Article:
A Traveller’s History Of South Africa, by David Mason
In reading a book like this it is deeply unfortunate that the author appears to have bought into the belief that South Africa is some sort of paradisical realm in the aftermath of apartheid. The author seems to think that while the Boers were terrible racists that everything is hunky-dory in the aftermath of its end. This obviously slants the way the author approaches the book, as apartheid seems less like a paranoid if reasonable approach to a demographic problem than a totally unjust decision, and that lack of sympathy for the problems of the Afrikaaner population does make this book a bit more difficult to enjoy. As is the case often with this sort of book, there is a heavy bias towards more contemporary history and the history of South Africa in general is highly colored as well to discuss matters of interest to contemporary grievance theorists rather than a more even-handed approach. The author finds the struggles of the UK to govern South Africa on the cheap to be entertaining, for example, and tends to enjoy insulting the intelligence and education of the trekkers of the Boer in a way that he would not think to do when it came to the African population.
This book is almost 300 pages long and is divided into nine chapters and various other materials. The book begins with an introduction that shows the author’s thesis that South Africa is one nation with many cultures, and then discusses the land, state, and people of the “Rainbow Nation” of South Africa (1). After that there is a look at the earliest times and indigenous “civilization” up to 1500, which seems odd given that there were no cities to be found in the region (2), as well as the colonization of South Africa by the Dutch and their allies (3). The author discusses the conflicts of the first two thirds or so of the 19th century (4), as well as the diamonds, gold, and war that marked the rest of the century (5). This is followed by a discussion of unification and segregation (6), and the rise (7), and demise (8) of apartheid. The book then ends with a too glowing account of truth and reconciliation (9), after which there is a list of abbreviations, a chronology of major events, estimated population at the time of writing, heads of state, public holidays, suggestions for further reading, a historical gazetteer, as well as an index.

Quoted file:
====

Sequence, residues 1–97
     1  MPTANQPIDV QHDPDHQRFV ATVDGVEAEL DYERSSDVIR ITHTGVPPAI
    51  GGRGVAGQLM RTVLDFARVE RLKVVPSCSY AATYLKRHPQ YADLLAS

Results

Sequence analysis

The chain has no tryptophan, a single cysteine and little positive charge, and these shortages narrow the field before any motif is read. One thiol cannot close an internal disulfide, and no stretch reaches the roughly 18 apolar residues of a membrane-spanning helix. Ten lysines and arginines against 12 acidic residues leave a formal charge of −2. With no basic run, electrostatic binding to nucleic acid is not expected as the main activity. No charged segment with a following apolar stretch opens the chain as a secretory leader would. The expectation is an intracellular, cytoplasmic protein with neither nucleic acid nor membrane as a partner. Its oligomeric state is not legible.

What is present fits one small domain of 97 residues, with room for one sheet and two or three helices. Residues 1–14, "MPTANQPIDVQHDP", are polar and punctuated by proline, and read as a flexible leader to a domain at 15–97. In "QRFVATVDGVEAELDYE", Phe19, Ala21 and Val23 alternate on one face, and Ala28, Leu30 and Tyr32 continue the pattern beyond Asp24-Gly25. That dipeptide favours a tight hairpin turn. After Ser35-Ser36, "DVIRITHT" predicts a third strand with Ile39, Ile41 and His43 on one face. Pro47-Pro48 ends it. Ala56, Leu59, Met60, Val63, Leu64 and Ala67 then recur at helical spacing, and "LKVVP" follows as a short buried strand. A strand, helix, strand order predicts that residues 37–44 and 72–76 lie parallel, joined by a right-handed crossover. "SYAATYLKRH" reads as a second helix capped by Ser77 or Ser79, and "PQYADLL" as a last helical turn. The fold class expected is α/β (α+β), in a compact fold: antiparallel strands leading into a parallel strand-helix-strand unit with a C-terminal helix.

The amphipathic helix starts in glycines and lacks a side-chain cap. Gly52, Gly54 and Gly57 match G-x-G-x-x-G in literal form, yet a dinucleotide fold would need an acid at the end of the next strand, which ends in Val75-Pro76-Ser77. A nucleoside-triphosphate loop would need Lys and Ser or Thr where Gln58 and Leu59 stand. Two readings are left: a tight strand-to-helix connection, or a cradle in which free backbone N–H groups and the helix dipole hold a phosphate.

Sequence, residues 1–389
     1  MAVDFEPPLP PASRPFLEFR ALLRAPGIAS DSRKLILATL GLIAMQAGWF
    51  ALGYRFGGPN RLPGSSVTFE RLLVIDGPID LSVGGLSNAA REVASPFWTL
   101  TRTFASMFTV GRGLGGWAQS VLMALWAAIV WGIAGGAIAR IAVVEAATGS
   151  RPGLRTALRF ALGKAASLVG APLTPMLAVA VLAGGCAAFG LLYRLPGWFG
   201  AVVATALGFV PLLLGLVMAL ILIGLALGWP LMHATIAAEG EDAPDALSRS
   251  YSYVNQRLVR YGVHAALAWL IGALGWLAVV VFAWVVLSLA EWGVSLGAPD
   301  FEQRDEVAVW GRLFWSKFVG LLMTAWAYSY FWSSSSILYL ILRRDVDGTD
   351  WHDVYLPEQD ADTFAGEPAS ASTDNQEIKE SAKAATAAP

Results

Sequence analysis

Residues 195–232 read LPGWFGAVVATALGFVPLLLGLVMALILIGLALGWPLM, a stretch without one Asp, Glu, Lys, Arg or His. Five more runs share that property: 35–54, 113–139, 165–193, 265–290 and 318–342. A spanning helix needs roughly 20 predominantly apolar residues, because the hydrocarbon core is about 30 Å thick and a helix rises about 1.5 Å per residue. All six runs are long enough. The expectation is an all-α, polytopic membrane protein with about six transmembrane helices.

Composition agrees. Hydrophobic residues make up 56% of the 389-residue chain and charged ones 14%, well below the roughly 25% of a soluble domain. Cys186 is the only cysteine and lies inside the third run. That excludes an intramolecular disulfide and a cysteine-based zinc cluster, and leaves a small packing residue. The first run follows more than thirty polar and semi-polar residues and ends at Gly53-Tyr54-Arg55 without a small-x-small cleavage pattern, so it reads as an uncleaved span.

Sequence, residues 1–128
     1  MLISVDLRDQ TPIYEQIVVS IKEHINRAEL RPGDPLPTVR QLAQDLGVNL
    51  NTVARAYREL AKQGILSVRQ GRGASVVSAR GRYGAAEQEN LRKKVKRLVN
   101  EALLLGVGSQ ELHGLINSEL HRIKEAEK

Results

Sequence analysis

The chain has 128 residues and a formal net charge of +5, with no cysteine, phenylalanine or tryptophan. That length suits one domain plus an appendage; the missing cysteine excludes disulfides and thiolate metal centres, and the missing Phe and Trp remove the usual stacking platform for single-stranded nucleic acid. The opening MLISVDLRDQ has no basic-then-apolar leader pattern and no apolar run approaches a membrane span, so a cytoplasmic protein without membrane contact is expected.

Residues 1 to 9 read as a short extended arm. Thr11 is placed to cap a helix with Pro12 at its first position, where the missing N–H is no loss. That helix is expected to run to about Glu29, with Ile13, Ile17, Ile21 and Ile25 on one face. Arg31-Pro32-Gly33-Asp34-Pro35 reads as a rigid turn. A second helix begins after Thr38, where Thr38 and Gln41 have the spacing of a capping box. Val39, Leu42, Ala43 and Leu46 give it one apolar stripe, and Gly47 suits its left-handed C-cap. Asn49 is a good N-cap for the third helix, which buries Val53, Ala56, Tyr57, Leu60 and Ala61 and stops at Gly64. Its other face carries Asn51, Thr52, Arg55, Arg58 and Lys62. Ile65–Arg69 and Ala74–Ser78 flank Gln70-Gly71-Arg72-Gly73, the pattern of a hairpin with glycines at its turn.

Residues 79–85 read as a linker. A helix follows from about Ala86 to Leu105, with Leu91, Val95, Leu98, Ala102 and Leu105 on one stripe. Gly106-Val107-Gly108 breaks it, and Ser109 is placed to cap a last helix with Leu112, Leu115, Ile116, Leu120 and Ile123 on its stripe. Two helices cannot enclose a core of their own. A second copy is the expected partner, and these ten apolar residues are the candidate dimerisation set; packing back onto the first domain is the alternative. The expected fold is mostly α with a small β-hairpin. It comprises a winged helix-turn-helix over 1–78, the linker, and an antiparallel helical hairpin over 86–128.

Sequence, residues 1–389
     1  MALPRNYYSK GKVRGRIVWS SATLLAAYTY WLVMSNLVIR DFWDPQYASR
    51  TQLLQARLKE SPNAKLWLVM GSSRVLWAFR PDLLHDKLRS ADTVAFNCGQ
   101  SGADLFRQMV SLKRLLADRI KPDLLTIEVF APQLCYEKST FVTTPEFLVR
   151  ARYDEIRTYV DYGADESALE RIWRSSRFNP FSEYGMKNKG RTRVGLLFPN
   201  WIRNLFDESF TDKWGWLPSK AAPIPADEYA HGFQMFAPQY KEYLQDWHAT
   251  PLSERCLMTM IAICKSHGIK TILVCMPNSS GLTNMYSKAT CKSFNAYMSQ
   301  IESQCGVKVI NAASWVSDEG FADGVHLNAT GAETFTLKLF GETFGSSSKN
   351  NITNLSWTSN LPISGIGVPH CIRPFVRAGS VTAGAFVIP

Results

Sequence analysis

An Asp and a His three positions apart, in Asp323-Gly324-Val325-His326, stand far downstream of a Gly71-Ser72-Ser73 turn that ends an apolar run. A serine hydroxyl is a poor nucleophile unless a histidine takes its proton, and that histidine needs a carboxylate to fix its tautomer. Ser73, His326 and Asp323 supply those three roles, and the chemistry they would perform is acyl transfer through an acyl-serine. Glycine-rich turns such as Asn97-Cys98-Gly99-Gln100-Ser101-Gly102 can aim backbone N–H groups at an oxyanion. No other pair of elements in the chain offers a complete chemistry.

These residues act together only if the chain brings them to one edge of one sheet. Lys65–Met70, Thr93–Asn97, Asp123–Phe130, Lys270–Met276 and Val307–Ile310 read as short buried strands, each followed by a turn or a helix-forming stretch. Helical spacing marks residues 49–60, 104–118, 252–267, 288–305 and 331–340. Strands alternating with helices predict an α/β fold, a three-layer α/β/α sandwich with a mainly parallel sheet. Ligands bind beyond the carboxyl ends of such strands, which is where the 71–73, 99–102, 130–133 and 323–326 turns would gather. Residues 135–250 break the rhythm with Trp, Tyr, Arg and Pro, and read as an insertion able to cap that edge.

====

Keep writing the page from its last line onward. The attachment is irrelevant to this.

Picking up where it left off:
In reading this book I was struck by the fact that the author seemed not to realize that his casual anti-white racism in so much of his approach seemed tailor-made to irritate a large amount of his potential audience. In general it can be said that a lot of books take a leftist approach to history, but what is perhaps less often realized is that a great many readers and reviewers of works are not sympathetic to such a strident approach and so an author can very easily alienate an audience by refusing to keep personal political opinions restrained. Having a healthy respect for the different worldviews of one’s audience helps keep one from writing books like this one. There is, to be sure, much of interest that one can write about South Africa, but if one does so without a sense of fairness and balance in one’s approach, it seems like a book like this is only going to appeal to black tourists or fellow leftist travelers and that certainly reduces the potential appreciative audience that a book can have to a degree that makes it hard to appreciate the author’s skill because his views get in the way.